ASALH has dedicated its 103rd Black History Month to “black migration.” The Association for the Study of African American Life and History documents the black experience throughout American history. Countless blacks have fled from slavery or poverty or racism. Frederick Douglass “migrated” on the Underground Railroad in 1838.
Frederick “Bailey” escaped from slavery in Maryland in disguise. He changed his last name, but always kept the name Frederick…his “identity”. He made a well-documented journey, by train and ship, via New York City and Newport RI. There, two Quakers helped him and his new wife take a stage coach to New Bedford. Frederick adopted his last and final surname, Douglass, in that busy whaling city.
Within two years, he cast his first election vote. This posed considerable risk, because another man “owed” him. Not only did he continue to vote, he spoke publicly about everyone’s right to vote. Douglass understood that one cannot leave the matter of government to others and still have a democracy. He spoke out loudly and well. In 1883, Douglass addressed the National Convention of Colored Men in Louisville KY. “We hold it to be self-evident that no class or color should be the exclusive rulers of the country. If there is such a ruling class there must of course be a subject class, and when this condition is once established this government by the people, of the people, and for the people will have already perished from the earth.”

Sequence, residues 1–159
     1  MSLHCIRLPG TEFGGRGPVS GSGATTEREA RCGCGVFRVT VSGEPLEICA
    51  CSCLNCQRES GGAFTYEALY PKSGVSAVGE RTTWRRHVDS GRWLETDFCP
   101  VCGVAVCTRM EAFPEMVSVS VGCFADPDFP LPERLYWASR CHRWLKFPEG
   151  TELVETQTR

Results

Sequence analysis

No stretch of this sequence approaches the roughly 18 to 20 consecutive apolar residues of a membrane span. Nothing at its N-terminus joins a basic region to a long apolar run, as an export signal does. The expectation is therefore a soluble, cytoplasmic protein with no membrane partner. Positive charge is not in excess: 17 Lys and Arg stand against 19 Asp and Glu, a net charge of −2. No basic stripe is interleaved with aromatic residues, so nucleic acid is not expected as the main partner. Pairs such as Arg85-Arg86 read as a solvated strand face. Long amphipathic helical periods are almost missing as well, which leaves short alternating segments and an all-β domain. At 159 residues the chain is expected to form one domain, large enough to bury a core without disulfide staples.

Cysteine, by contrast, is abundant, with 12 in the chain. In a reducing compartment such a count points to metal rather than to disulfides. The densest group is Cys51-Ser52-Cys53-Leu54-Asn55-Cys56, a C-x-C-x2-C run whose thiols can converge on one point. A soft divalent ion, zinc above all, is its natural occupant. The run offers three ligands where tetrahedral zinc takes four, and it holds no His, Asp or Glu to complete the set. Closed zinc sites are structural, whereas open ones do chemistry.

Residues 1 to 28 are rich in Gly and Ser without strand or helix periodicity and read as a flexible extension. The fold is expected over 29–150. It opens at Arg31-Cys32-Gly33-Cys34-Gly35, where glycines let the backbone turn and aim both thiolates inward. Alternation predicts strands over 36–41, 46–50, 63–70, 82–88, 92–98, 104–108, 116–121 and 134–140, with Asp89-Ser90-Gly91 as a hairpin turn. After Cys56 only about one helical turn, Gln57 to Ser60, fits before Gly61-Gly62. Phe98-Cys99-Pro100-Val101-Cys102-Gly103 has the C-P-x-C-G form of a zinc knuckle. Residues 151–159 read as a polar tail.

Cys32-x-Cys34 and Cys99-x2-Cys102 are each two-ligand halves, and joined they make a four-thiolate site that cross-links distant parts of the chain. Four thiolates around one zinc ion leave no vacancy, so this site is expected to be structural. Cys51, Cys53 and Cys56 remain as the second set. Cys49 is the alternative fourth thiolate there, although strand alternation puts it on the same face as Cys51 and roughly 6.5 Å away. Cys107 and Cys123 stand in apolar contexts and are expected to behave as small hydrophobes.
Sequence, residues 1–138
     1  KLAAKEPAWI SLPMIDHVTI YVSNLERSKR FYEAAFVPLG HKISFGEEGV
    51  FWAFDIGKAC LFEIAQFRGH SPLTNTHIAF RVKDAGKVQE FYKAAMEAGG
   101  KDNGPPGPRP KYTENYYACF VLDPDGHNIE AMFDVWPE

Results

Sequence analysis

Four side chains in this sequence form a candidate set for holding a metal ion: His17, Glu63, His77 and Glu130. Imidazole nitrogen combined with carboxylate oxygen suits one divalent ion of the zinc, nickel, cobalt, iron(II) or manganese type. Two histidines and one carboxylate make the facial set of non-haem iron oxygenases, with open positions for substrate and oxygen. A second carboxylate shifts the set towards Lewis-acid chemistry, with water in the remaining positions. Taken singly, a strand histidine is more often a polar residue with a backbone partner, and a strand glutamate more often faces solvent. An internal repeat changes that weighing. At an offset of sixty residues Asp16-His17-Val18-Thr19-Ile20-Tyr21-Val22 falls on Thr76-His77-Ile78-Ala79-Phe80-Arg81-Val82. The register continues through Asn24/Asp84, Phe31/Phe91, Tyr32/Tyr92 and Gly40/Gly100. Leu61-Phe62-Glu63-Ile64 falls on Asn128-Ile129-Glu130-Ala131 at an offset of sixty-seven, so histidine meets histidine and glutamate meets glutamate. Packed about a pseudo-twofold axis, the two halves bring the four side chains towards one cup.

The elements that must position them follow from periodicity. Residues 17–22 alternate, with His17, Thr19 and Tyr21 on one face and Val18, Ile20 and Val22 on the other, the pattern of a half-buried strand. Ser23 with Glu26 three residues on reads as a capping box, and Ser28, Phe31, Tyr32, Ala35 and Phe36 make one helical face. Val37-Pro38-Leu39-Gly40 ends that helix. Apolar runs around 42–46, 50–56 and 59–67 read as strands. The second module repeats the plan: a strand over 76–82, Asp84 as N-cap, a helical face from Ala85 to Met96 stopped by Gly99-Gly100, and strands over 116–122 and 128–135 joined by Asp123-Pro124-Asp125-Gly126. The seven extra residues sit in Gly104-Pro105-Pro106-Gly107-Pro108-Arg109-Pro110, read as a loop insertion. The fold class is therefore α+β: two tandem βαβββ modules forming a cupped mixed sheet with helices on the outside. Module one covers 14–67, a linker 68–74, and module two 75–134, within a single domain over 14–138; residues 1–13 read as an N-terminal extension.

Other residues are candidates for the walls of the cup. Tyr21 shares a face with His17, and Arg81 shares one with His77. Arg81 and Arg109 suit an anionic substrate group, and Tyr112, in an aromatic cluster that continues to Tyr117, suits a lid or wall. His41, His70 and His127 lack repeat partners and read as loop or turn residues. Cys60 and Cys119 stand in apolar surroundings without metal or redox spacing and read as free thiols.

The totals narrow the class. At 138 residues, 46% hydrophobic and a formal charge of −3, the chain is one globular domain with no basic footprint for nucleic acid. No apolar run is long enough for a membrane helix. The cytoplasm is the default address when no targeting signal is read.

New Bedford was not Frederick Douglass’ last home. He continued his migration, but now as a free and famous speaker. His message endures. One lesson we must never forget: Get out and vote.
In honor of Frederick Douglass, brave migrator, ABLE is proud to make a contribution to ASALH during Black History Month.